President’s Insights September 2020
Every second Thursday of October the eye health sector celebrates World Sight Day (WSD) to raise awareness about the importance of vision and how to address barriers to optimal vision. Since 2000, the International Agency for the Prevention of Blindness (IAPB) coordinates this event and its 150 members, including VOSH/International, actively support the yearly call for action.
This is an excellent opportunity for your local VOSH chapter or student chapter to highlight the effects of preventable blindness and visual impairment (VI), and how to address the conditions that lead to these. As optometrists, encouraging people to take an eye examination is something we do as a key first step to prevent blindness and visual impairment. Our humanitarian clinics are part of this important preventive action. Globally, at least 2.2 billion people have VI or blindness, of whom at least in 1 billion people could have been prevented. The burden of eye conditions and VI and blindness is not borne equally. The burden tends to be greater in low- and middle-income countries and underserved populations, such as women, migrants, indigenous peoples, persons with certain kinds of disability, and in rural communities.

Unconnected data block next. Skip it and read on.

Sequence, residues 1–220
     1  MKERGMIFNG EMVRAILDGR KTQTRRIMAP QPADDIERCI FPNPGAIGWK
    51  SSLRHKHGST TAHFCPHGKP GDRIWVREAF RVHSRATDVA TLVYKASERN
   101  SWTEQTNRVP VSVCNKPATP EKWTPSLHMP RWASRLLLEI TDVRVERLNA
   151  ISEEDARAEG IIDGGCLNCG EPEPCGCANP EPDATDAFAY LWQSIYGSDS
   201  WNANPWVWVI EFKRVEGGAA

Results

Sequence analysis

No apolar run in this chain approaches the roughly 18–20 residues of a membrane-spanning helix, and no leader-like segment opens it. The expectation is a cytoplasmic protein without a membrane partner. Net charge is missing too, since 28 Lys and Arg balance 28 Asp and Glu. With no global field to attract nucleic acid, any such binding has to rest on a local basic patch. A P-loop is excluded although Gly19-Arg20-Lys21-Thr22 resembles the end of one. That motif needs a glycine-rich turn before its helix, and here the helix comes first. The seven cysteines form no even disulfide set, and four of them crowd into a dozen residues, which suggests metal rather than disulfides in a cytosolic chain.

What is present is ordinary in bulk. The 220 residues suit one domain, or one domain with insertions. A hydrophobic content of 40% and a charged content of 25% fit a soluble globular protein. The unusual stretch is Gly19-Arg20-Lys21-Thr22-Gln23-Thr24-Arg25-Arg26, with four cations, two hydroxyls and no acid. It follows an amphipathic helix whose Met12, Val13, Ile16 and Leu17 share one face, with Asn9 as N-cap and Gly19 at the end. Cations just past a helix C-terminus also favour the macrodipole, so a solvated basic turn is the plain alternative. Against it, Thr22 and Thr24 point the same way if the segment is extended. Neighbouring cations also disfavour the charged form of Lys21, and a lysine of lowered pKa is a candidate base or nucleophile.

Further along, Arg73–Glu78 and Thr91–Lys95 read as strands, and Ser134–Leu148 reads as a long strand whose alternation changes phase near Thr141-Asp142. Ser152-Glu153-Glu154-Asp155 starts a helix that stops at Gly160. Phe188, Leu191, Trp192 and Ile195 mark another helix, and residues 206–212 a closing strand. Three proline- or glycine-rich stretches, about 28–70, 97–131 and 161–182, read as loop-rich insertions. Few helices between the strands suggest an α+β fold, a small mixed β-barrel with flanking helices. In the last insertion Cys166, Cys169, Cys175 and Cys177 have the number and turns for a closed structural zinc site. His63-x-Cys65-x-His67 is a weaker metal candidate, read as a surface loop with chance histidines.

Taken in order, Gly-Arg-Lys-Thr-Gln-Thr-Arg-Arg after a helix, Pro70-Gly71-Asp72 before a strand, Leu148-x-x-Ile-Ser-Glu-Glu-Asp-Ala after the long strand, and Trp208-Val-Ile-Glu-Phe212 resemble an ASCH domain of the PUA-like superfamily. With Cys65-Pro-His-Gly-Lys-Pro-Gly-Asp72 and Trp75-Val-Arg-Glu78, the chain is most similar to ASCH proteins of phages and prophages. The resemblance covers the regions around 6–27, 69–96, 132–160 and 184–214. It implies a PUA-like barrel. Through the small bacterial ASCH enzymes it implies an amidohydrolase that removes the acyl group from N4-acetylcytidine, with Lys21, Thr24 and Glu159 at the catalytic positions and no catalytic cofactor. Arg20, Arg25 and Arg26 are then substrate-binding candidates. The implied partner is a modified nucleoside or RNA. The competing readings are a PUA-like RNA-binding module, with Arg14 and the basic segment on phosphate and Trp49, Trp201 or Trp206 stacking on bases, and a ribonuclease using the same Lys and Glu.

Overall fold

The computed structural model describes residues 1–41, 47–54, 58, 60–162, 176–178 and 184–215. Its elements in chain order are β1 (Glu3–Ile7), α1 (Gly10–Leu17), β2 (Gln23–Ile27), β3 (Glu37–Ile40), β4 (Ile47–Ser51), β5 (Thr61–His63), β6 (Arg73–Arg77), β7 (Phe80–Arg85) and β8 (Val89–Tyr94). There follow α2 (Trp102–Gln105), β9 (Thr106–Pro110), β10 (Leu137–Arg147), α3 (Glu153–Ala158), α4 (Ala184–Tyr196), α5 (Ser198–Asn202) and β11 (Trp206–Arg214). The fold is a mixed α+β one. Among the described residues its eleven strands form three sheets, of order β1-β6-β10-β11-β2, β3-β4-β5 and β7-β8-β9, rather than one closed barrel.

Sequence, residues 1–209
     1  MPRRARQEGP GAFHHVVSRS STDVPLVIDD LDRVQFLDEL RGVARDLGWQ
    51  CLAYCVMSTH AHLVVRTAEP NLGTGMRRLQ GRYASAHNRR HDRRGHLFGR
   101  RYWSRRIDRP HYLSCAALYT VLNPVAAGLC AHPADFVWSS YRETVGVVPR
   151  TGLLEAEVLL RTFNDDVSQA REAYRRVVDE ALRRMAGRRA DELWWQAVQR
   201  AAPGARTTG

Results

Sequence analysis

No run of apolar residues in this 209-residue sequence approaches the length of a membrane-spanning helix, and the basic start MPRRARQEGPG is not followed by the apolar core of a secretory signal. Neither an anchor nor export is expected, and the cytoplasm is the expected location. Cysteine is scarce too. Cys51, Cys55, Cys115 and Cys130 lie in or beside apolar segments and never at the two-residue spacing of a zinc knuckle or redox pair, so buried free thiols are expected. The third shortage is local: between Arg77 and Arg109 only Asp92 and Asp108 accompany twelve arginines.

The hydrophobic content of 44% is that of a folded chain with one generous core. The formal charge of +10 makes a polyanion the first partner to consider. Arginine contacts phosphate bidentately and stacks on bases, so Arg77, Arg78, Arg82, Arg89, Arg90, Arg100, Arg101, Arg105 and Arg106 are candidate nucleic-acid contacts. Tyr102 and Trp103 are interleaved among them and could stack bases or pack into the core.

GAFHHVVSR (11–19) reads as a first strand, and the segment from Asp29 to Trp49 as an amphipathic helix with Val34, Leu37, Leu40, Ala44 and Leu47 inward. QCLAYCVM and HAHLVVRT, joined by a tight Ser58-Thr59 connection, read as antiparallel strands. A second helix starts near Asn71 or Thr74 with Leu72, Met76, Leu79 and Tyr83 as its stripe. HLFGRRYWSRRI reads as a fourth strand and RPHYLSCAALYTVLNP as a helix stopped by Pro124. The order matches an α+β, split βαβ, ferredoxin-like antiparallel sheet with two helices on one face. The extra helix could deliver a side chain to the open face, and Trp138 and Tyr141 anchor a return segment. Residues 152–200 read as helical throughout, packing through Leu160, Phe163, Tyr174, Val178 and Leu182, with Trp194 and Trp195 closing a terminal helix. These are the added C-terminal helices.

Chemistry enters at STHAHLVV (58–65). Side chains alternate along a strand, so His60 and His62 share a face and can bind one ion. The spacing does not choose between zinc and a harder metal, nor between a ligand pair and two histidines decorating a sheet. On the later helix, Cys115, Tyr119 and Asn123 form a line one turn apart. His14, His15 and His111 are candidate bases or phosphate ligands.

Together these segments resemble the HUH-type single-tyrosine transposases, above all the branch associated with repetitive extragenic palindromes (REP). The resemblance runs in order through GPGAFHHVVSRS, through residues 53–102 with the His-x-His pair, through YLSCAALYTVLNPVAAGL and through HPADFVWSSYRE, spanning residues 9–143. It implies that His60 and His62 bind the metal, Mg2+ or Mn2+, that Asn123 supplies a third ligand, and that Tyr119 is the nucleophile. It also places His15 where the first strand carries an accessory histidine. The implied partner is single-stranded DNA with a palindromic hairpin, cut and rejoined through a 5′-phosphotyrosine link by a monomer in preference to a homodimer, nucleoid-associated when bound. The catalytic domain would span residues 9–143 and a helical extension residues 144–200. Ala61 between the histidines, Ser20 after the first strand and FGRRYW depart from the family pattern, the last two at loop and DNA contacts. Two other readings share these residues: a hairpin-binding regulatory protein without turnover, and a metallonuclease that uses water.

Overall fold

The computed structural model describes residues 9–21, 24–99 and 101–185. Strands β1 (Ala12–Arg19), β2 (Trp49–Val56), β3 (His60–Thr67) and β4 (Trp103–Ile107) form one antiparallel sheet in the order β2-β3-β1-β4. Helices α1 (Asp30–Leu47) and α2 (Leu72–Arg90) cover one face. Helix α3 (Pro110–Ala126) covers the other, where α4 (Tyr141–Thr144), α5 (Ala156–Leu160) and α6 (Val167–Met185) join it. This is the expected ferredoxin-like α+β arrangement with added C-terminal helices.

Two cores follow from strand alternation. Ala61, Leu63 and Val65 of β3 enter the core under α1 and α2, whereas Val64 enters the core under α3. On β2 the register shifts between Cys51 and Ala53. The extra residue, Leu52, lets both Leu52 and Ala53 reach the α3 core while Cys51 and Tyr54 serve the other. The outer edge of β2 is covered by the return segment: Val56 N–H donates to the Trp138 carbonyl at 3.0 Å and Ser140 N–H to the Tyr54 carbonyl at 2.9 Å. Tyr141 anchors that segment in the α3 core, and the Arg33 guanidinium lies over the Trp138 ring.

The World Health Organization’s World Report on Vision shows that the billions with VI or blindness takes into consideration those with near vision impairment due to presbyopia (1.8 billion) and moderate to severe distance VI or blindness due to other unaddressed refractive errors (123.7 million), cataract (65.2 million), age-related macular degeneration (10.4 million), glaucoma (6.9 million), corneal opacities (4.2 million), diabetic retinopathy (3 million), trachoma (2 million), and other causes (37.1 million).
The fact that unaddressed refractive errors constitute such a large proportion of preventable VI and blindness puts the onus on VOSH/International and its chapters to continue our work with great energy in the United States and worldwide to ensure that everyone, everywhere has access to sight. We know, and have seen over and over, that a simple pair of spectacles for presbyopia, for example, can immediately change a person’s world. That pair of reading glasses can allow someone to do meaningful work again or to read a book or important information on the internet. A simple pair of spectacles for myopia could allow a child to once again see learning material on a blackboard or far away monitor or screen. We know that myopia has developed into a worldwide pandemic. Over 2 billion people have myopia, including 312 million children under 19 years of age. This World Sight Day, let’s remember that sight can give people hope for a better life and let us support the World Sight Day Challenge that enables many organizations across the world to make this a reality.
For more information on World Sight Day, or ideas on how to help, please see these sources of information.
https://www.iapb.org/advocacy/world-sight-day/ https://www.iapb.org/advocacy/world-sight-day/world-sight-day-2020/ https://www.who.int/publications/i/item/world-report-on-vision https://www.givingsight.org/world-sight-day-challenge/
J. Daniel Twelker, OD, PhD, FAAO, FVI